Celebrated every March, National Nutrition Month® focuses on educating individuals about the importance of making informed food choices and developing sound eating habits, while also engaging in physical activity.
This year, the Academy of Nutrition and Dietetics’ campaign theme of “Put Your Best Fork Forward,” serves as a reminder that each of us hold in our hands the tools that can make us healthier through making better food choices.
One of the easiest ways to pack more nutrition into every meal is to have a colorful main dish or side salad. To get all the nutrients we need, eating a wide variety of different color food is important. For example, fruits and vegetables that are red, contain lycopene, which can dramatically lower the risk of developing prostate cancer. Purple or blue foods are colored by a pigment called anthocyanin. Anthocyanin is a strong, protective antioxidant that is beneficial for our heart as well as can help reduce the risk of cancer, help improve memory and assist with healthy aging.
In 1992, the USDA (United States Department of Agriculture) used the food pyramid as a guide to healthy eating. In 2011, a simpler image of a plate divided into basic food groups was unveiled. The plate is split into four sections, for fruit, vegetables, grains and protein and a smaller circle sits beside it for dairy products. Half of your plate at any meal should be fruits and vegetables, and the other half should be proteins and grains.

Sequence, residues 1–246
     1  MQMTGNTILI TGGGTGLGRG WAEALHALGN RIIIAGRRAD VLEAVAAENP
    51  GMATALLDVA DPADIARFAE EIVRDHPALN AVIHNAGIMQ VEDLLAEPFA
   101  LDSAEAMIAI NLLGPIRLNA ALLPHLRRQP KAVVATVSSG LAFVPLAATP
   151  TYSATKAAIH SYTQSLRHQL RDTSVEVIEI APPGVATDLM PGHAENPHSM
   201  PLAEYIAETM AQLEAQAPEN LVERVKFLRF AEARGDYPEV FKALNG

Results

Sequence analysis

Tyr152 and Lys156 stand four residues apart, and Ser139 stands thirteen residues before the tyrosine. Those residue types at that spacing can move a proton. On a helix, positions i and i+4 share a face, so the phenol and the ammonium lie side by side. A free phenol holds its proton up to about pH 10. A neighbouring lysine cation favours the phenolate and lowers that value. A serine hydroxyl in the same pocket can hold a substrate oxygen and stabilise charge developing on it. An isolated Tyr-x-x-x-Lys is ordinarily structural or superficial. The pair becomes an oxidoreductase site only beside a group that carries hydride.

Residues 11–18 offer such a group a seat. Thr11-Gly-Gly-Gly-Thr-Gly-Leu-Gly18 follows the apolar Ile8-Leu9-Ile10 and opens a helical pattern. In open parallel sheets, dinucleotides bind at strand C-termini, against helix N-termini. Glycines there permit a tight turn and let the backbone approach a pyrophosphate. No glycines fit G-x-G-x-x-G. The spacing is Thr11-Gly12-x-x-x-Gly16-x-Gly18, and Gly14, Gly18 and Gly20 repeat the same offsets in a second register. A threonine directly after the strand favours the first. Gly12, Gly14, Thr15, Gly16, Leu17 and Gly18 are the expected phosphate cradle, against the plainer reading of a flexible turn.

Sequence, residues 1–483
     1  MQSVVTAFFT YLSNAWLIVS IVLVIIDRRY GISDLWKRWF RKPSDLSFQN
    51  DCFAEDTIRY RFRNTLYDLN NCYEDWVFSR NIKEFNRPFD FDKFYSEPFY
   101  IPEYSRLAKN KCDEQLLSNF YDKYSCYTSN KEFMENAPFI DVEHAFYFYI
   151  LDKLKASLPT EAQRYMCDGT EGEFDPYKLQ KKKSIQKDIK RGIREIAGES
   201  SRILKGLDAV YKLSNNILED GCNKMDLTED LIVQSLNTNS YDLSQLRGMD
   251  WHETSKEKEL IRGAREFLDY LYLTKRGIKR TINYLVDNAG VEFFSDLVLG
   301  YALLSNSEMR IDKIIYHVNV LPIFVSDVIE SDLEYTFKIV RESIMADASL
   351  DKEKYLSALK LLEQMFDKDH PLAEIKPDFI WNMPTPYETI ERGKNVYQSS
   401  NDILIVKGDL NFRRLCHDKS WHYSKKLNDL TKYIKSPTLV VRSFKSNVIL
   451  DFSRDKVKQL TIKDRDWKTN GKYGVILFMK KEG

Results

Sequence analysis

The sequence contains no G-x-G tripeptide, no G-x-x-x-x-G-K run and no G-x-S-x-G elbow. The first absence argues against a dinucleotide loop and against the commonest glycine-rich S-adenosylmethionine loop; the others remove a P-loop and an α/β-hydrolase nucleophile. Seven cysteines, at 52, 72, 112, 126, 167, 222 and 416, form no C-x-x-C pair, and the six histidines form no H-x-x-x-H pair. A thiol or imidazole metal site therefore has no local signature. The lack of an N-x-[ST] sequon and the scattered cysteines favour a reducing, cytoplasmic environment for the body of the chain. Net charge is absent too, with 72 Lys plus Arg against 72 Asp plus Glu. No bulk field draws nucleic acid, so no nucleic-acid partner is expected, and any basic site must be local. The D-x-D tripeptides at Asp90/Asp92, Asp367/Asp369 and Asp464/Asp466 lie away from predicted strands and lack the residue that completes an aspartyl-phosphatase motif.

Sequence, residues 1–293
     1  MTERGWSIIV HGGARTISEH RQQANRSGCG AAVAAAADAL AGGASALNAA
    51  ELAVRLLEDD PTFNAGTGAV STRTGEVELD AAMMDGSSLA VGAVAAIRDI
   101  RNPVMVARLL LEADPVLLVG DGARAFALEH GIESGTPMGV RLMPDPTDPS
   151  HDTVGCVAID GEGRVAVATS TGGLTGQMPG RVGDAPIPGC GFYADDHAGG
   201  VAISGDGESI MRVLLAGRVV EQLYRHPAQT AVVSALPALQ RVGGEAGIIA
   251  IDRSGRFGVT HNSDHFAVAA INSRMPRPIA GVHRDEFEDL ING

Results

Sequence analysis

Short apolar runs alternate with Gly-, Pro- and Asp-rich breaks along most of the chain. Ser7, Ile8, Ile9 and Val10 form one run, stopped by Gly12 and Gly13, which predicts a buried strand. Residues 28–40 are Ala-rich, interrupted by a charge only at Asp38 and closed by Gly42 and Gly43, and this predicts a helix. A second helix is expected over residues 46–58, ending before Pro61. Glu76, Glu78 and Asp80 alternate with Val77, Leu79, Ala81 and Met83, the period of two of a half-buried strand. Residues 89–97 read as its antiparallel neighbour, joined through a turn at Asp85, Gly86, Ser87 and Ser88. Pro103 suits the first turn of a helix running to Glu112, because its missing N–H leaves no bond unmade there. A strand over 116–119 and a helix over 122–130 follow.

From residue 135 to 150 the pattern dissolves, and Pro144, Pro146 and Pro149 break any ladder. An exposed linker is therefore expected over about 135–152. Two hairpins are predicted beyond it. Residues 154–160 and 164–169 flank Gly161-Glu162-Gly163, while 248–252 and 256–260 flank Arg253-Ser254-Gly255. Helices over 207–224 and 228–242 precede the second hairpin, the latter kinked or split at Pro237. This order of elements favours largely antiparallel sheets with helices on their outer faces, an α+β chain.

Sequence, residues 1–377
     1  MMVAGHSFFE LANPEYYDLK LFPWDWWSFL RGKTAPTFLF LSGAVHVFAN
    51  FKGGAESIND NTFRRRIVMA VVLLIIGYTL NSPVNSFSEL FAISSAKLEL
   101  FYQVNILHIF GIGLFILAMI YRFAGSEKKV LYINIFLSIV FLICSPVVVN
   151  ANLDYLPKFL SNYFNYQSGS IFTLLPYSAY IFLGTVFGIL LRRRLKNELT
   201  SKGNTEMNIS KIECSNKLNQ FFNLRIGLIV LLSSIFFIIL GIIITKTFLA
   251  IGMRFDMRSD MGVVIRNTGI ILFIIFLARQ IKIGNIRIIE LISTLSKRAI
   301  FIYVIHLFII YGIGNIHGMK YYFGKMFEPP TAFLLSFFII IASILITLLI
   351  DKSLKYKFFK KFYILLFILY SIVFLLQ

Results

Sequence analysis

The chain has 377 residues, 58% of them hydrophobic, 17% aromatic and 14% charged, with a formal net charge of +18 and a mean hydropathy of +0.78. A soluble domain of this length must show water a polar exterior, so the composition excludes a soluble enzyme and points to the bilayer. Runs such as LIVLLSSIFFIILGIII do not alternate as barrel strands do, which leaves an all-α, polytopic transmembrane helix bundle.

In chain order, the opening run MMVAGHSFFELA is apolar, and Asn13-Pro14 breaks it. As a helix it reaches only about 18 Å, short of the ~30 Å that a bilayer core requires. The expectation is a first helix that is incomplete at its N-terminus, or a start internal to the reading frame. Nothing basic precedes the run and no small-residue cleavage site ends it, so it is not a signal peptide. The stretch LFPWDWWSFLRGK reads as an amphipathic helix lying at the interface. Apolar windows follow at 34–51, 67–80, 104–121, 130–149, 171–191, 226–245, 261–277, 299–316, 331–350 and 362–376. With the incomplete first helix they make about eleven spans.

Salad is a great option, not only to personalize for your own tastes, but to get in much-needed vitamins, greens, protein, grains, and dairy. A salad can be simple: mixed greens, chicken strips, onions, and cheese, but adding in nuts, beans, fruits or seeds can increase the nutritional value. By concentrating on the flavor, texture, and color of a salad, you can sometimes fend off cravings for other less nutritious foods. Add a great light salad dressing, like a simple vinaigrette and you’re set!
You can also incorporate fruits and veggies into everyday foods. If you enjoy pizza or pasta, try topping them with broccoli, spinach, or peppers. Zucchini or squash can be a low carb alternative to pasta. Breakfast smoothies are great especially when you add in kale, spinach, strawberries, blueberries, or a banana (just be careful of the sugar). Substitute crunchy veggies for chips and low-fat salad dressing for dip.
The Academy of Nutrition and Dietetics offers great handouts on how to make better food choices that can be found here: eatright.org. Remember to take small steps when working towards including more fruits, veggies, and lean meats into your diet—but don’t forget to work in some exercise. The healthier you are the less risk you have for cancers, heart disease, and more.